Romensko is, well, Romensko. Not sure why it wasn't there in the beginning, and not sure Jim really needs the link. Still, well worth a read and surely fits into the category.

In case you're wondering (and I am sure it is absolutely killing everybody) the links are simply in chronological order. Except for PRblog. I'm just trying to ruin his reputation.

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Friday, July 18, 2008

Friday Freakin' -- 12-Bar Edition

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Deep Thought*

If you have young children in your house, your business is in the street.

If you [have] employees in your company, your business is in the street.


*[edited to add that pesky verb]

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Thursday, July 17, 2008

Soliciting Commitment - epilogue

It’s one of the reasons if I call you in the middle of the day I’m likely to ask, “Is this a good time?”

Asking, “Is this a bad time?” invites you to object.


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Wednesday, July 16, 2008

And Furthermore, or ...

... Commitment the Third

Lee Iacocca is known today as the chairman who engineered the rescue of Chrysler. Before that he was the number-two man at Ford who championed the game-changing Ford Mustang. But he got into that position as head of sales at Ford in the early sixties.

One of his innovations was the follow-up call. He didn’t invent the follow-up call, of course, just the strategy.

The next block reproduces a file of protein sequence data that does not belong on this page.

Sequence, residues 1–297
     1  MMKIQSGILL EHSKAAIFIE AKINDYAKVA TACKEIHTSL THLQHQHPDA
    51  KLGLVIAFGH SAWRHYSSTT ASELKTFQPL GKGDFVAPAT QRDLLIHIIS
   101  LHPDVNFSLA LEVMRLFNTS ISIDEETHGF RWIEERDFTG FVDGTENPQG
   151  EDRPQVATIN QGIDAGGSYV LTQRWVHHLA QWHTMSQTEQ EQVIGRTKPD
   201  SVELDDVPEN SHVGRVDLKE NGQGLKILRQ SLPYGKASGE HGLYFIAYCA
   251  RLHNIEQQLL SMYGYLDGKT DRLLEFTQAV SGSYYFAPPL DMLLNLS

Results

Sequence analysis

It was – and still is – traditional for a car salesman [yes, in those days a man] to call a buyer at home and ask what they thought about the car. Iacocca’s great innovation was this: He instructed salesmen to ask, “What do your friends think of the new car?”

The beauty of that question is that you’re not asking for complaints. You’re asking for compliments.

You’re asking for commitment.

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Tuesday, July 15, 2008

Commitment 2

Adding to below:

Human beings are funny creatures. We tend toward consistency. Unless suffering from some sort of sociopathic disorder, once we make a promise it takes a strong reason to change our minds. I learned this early.

One of my first jobs – still in college – was working in electoral politics. The official I worked for told me that the key was to ask: Can we have your vote?

It’s human nature to justify a commitment, which makes it that much harder for competing messages to change your mind.

The Obama campaign goes beyond commitment all the way to involvement.